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As population growth continues, sustainable food behaviour is essential to help reduce the anthropogenic modification of natural systems, driven by food production and consumption, resulting in environmental and health burdens and impacts. Nudging, a behavioural concept, has potential implications for tackling these issues, encouraging change in individuals’ intentions and decision-making via indirect proposition and reinforcement; however, lack of empirical evidence for effectiveness and the controversial framework for ethical analysis create challenges. This systematic review evaluated the effectiveness of nudging interventions on sustainable food choices, searching five databases to identify the effectiveness of such interventions. Of the 742 identified articles, 14 articles met the eligibility criteria and were included in this review. Overall, the potential of certain nudging interventions for encouraging sustainable food choices were found in strategies that targeted ‘system 1’ thinking (automatic, intuitive and non-conscious, relying on heuristics, mental shortcuts and biases), producing outcomes which were more statistically significant compared to interventions requiring consumer deliberation. Gender, sensory influences, and attractiveness of target dishes were highlighted as pivotal factors in sustainable food choice, hence research that considers these factors in conjunction with nudging interventions is required.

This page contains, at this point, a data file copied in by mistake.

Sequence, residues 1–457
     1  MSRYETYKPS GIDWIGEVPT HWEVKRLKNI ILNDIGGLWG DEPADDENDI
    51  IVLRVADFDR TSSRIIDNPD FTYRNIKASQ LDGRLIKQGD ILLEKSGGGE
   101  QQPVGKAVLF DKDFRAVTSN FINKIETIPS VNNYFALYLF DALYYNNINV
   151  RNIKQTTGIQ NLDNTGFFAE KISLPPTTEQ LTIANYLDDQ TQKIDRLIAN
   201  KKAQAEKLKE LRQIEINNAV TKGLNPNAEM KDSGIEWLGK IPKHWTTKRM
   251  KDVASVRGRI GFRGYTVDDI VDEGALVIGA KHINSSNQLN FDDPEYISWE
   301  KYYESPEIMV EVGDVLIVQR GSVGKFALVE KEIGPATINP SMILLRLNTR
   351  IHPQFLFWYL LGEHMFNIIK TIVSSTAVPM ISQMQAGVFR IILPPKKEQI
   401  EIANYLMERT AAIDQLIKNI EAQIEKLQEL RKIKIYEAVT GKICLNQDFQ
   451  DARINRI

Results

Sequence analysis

... In this context, it seems relevant to study the effects of simple and operable changes to individual diets, such as changes to portion size. Indeed, portion sizes have been identified as acceptable and realistic levers to change consumption behavior (18)(19)(20). Furthermore, even if the introduction of new foods is acknowledged as a classic barrier to change, it is also well known to be an effective lever for the nutritional improvement in diets (21,22). ...